BMKG projects downpour in Banten, Jakarta, West Java, Central Java

BMKG projects downpour in Banten, Jakarta, West Java, Central Java

A boy rides bicycle during flooding Yogyakarta, 24/1/2017). (ANTARA FOTO/Hendra Nurdiyansya)

Jakarta (ANTARA) - Indonesia's Meteorology, Climatology, and Geophysics Agency (BMKG) cautioned residents in the provinces of Banten, Jakarta, West Java, and Central Java to remain alert to likely downpour on Feb 8-9, 2021.

Potential downpours were not solely triggered by the La Nina weather phenomenon but also by other atmospheric dynamics that could increase the intensity of rainfall in several parts in Indonesia, the agency's seismologist, A. Fachri Radjab expounded.

The early warning of potential heavy rains owing to the moderate La Nina weather phenomenon was issued since October 2020, Radjab, the BMKG's head for public weather service, told ANTARA here, Monday.

Among the factors of atmospheric dynamics that affect rain cloud growth in Indonesia are the Asian Monsoon and convergence zone that may trigger an increase in cold temperature, Radjab noted.

In addition to the four provinces, the BMKG grouped Bengkulu, Lampung, Yogyakarta, East Java, Bali, West Nusa Tenggara, East Nusa Tenggara, Central Sulawesi, South Sulawesi, West Papua, and Papua into the "caution" category, he revealed.

Meanwhile, torrential rains lashing Bekasi District's areas from Saturday to Sunday caused massive flooding in 12 sub-districts. The floodwaters were measured to reach between 30 and 150 centimeters in height.

The Bekasi Disaster Mitigation Agency (BPBD) noted that the flooded sub-districts were Cibitung, Tambun Utara, Tambun Selatan, Cikarang Utara, Cabangbungin, Pebayuran, Sukawangi, Sukakarya, Cikarang Timur, Sukatani, Babelan, and Muaragembong.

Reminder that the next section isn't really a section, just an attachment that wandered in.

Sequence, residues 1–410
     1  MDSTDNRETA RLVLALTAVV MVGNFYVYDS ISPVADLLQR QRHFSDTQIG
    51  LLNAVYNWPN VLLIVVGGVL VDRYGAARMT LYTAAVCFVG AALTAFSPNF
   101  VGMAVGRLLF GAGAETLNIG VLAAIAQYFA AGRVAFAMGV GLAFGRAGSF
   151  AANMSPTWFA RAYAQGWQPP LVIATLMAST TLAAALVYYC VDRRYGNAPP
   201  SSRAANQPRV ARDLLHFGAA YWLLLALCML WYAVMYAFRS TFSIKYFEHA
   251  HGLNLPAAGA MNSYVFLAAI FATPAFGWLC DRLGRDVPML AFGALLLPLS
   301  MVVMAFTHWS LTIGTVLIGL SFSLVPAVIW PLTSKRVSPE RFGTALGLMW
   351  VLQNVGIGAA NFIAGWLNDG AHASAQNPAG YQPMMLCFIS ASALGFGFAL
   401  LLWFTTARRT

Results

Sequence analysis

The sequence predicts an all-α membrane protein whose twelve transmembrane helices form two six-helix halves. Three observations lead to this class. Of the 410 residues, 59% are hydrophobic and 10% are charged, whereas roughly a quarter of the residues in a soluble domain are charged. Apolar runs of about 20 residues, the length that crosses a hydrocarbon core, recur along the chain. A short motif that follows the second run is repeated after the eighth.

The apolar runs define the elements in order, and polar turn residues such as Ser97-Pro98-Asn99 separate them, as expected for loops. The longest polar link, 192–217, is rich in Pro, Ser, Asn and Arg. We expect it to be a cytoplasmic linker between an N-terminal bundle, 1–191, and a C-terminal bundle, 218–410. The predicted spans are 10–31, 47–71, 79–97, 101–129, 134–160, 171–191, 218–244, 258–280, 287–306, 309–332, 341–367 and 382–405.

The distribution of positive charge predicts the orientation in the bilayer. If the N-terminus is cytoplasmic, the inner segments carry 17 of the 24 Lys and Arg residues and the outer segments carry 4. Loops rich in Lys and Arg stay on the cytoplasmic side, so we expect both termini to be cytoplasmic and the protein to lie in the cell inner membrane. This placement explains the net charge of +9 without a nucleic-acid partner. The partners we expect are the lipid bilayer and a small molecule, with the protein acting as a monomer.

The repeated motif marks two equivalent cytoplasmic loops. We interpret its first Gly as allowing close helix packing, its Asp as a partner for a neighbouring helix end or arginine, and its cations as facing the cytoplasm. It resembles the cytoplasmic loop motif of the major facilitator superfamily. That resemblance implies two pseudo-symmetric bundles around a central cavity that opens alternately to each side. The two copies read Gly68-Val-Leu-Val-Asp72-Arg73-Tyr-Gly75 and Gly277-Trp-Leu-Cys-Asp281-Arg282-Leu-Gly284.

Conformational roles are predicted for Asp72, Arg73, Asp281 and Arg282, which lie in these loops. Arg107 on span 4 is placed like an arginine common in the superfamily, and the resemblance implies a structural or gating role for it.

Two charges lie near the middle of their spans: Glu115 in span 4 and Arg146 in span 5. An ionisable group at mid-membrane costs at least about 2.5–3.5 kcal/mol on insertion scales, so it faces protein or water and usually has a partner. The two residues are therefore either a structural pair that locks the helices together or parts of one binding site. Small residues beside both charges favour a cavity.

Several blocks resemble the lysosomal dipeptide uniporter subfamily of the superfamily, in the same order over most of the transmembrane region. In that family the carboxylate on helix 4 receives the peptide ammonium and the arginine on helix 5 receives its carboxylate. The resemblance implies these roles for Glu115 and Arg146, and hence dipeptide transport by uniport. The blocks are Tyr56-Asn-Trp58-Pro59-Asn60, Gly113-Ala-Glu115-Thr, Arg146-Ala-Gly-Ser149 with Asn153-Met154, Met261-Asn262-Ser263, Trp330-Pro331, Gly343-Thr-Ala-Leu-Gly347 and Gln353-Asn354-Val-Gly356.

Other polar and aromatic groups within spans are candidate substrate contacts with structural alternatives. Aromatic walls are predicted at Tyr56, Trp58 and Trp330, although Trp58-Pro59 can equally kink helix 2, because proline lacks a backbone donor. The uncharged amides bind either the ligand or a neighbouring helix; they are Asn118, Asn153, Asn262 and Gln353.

In addition to flooding, a "puting beliung" (whirlwind) hit Tamansari Village, Setu Sub-district, destroying 38 houses and inflicting minor damages to 35 others, the agency's acting head, Henri Lincoln, had stated earlier.

Some 13,021 households reportedly bore the brunt of a landslide and flooding that inundated 92 areas in 27 villages and neighborhoods, he noted.

The heavy rain pouring down the Bekasi District areas caused the Ciherang, Cibeet, and Citarum rivers to overflow, he stated.

As part of the disaster mitigation efforts, the district government has readied several inflatable boats for evacuation of those in need, while the police and military personnel have set up relief centers and handed out aid packages.

Lincoln has appealed to local residents to remain vigilant to the likelihood of extreme weather in future.

Various parts of Indonesia are prone to natural disasters. Within the initial two months of 2021, several hydrological disasters have occurred in the islands of Sumatra, Java, Kalimantan, and Sulawesi.

In Java Island, for instance, flash floods had inundated certain areas of Semarang in Central Java following heavy rains pelting the city from Friday to Saturday.

Landslides also hit Cihanjuang Village in Cimanggung Sub-district, Sumedang District, West Java Province, on January 9.

Meanwhile, in Sumatra Island, flash floods and a landslide damaged seven homes and caused a collapse of a bridge in Wih Ni Durin Village, Syiah Utama Sub-district, Bener Meriah District, Aceh Province, following incessant heavy rains in the Gayo highland area.

In the island of Kalimantan, massive floods and landslides also hit several parts of South Kalimantan following incessant downpour on January 12.

The floods affected the districts of Banjar, Tapin, Tabalong, Balangan, and Hulu Sungai Tengah and the cities of Tanah Laut and Banjar Baru.

The massive floods, triggered by incessant heavy rains since January 12, reportedly claimed 15 lives, swamped 24,379 houses, and displaced 39,549 people.
Related news: Flooding in Pejaten, South Jakarta, compels 28 people to flee

Related news: Indonesia enters 2021 with "abnormal" natural disasters



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